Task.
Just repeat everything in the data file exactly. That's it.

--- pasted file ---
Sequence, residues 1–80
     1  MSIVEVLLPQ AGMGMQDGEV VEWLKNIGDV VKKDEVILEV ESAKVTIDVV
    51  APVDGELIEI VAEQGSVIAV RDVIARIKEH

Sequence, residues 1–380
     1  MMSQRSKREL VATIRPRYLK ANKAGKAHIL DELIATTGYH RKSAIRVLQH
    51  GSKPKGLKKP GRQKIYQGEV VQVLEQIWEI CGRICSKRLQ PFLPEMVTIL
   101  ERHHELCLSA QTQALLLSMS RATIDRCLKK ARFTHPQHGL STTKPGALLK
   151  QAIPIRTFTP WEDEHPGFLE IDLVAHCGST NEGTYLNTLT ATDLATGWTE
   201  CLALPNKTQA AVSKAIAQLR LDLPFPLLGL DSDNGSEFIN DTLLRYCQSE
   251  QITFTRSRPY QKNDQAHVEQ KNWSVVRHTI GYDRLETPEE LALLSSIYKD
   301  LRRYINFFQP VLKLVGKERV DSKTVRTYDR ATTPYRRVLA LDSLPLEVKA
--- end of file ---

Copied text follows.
Sequence, residues 1–80
     1  MSIVEVLLPQ AGMGMQDGEV VEWLKNIGDV VKKDEVILEV ESAKVTIDVV
    51  APVDGELIEI VAEQGSVIAV RDVIARIKEH

Sequence, residues 1–380
     1  MMSQRSKREL VATIRPRYLK ANKAGKAHIL DELIATTGYH RKSAIRVLQH
    51  GSKPKGLKKP GRQKIYQGEV VQVLEQIWEI CGRICSKRLQ PFLPEMVTIL
   101  ERHHELCLSA QTQALLLSMS RATIDRCLKK ARFTHPQHGL STTKPGALLK
   151  QAIPIRTFTP WEDEHPGFLE IDLVAHCGST NEGTYLNTLT ATDLATGWTE
   201  CLALPNKTQA AVSKAIAQLR LDLPFPLLGL DSDNGSEFIN DTLLRYCQSE
   251  QITFTRSRPY QKNDQAHVEQ KNWSVVRHTI GYDRLETPEE LALLSSIYKD
   301  LRRYINFFQP VLKLVGKERV DSKTVRTYDR ATTPYRRVLA LDSLPLEVKA